Piddlers to include new, old favorites

Published 3:00 am Wednesday, January 14, 2015

Storytelling is the heart and soul of who we are as a people.

Whether from the hills of Appalachia, the plains of the Midwest or the shores of the mighty Pacific, storytelling connects us all.

And, nowhere will there be a stronger connecting fiber than at the 2015 Pike Piddlers Storytelling Festival in Pike County the last weekend in January.

Sign up for our daily email newsletter

Get the latest news sent to your inbox

The 2015 Pike Piddlers Storytelling Festival will bring back audience favorites, Donald Davis, the Dean of Storytelling, and Barbara McBride-Smith, the Texas talking tornado.

“When those two take the stage, you’d better hold on to your seats,” said Johnny Steed, a member of the sponsoring Brundidge Historical Society’s storytelling committee.

“When you say Donald Davis, that’s enough said, but in saying more, The New York Times said it best: ‘His stories often leave listeners limp with laughter at the same time they are struggling with a lump in the throat.’ The Dean paints a picture in your mind and it’s like watching an I-Max movie.”

Barbara McBride-Smith is the women’s answer to Donald Davis. She’s off in a flash and takes the audience with her.

Steed said McBride-Smith’s colorful voice reminds listeners of a fire and brimstone preacher, a carnival barker or a used car salesman.

“Some folks say she sounds a lot like Butterfly McQueen with a Texas twang,” Steed said. “But what she sounds like is fun.

“And, we’ve got two new voices, not to storytelling, but to our Festival and both of them come to us straight from the National Storytelling Festival in Jonesborough, Tennessee.”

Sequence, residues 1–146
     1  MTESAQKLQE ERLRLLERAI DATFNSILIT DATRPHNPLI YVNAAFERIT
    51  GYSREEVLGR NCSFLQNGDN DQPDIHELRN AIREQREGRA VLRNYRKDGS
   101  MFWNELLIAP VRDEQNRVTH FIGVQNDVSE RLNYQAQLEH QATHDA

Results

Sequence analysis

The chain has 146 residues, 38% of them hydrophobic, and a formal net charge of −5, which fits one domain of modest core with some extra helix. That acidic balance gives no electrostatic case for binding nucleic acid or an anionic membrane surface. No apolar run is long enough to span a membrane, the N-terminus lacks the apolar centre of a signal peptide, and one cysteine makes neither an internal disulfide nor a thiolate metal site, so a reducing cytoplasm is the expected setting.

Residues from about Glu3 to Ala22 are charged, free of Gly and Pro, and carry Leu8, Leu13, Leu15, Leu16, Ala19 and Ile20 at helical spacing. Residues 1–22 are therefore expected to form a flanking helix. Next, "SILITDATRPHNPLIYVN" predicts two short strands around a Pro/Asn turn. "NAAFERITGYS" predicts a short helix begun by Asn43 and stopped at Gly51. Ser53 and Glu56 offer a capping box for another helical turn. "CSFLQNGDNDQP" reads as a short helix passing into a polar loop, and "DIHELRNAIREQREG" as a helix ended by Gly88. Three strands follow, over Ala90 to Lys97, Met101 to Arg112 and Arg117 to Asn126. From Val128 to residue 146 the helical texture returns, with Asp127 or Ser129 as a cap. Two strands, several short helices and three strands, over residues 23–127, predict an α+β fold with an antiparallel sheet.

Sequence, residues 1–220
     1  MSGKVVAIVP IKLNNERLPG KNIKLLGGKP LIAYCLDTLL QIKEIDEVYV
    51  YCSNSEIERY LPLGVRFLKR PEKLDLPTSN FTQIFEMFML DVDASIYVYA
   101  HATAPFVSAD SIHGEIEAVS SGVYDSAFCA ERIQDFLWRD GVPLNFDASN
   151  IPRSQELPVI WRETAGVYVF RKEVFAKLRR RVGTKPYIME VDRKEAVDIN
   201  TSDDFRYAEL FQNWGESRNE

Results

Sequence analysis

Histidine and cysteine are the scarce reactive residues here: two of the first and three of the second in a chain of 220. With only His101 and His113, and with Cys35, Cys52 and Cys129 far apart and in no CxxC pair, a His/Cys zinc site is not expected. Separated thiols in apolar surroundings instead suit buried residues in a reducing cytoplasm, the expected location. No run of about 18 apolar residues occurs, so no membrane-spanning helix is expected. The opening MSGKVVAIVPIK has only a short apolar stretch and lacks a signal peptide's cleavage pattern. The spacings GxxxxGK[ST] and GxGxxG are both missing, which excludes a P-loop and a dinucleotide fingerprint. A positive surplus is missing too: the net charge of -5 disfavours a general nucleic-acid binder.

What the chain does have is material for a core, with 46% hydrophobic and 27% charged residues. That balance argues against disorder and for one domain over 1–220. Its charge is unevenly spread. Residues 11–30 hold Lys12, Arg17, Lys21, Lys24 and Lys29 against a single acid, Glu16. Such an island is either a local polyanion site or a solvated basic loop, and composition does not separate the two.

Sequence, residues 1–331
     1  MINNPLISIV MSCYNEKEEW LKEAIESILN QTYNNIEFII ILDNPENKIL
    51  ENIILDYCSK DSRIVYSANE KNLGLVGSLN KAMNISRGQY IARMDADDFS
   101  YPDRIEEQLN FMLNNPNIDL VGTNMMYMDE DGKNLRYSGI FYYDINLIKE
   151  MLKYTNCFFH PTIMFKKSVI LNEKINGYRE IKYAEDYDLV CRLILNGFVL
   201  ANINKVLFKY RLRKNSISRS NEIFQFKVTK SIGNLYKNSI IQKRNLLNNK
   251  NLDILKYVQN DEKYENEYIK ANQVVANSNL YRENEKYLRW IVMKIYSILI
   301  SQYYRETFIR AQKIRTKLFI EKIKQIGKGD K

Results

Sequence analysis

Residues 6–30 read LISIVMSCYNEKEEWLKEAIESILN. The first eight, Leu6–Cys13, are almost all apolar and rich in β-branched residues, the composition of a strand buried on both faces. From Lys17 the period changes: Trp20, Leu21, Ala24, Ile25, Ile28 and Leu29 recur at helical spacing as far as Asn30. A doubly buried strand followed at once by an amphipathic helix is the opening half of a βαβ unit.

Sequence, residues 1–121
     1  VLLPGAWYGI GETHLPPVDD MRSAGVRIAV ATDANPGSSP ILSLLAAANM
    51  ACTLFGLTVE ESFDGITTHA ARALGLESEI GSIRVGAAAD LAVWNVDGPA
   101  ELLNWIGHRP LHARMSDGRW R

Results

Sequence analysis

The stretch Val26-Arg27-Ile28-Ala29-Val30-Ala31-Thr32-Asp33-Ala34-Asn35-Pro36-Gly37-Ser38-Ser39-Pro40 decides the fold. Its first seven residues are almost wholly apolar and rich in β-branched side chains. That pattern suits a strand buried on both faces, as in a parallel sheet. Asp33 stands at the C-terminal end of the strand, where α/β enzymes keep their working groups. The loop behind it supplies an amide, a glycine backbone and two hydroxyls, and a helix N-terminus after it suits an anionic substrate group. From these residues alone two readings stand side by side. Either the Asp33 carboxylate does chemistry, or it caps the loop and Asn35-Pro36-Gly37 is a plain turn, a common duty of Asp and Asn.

Tim Lowry has been called Americana with a microphone. His stories come from his Kentucky roots and his home on the “Sweet Tea Trail” in South Carolina.

“Tim Lowry mixes up stories of growing up Baptist and all that is American — baseball, hotdogs, apple pie and Chevrolet,” Steed said. “

Josh Goforth is from the mountains of Western North Carolina, the nesting place for fine storytellers.”

“Josh Goforth, a Grammy nominee, is a master at combing stories and music, mostly fiddle music. He is one of the finest fiddlers in the country. His stories and his music are a great combination.”

Steed said there’s no better way to spend a cold, January day, than to be tucked into storytelling by four masters of the art.

“If you don’t think the time spent was worth your money, then we’ll give it back,” Steed said, with a smile.

The Pike Piddlers Storytelling Festival will open with supper and stories at the We Piddle Around Theater in Brundidge Friday night and continue with three storytelling concerts at the Trojan Center Theater on the campus of Troy University on Saturday, Jan. 31. Saturday concert times are 10 a.m. ($10) and 2 p.m.  ($10) and 6:30 p.m. ($15). All day Saturday tickets are $30. Pre-show music begins 30 minutes prior to the storytelling concerts and will feature the Benton Brothers and Company, The Lighthouse String Ensemble and The Hendersons.

For tickets or information, call 685-5524, 670-6302 or 372-1001.

Tickets are available at The Messenger at 918 South Brundidge Street in Troy.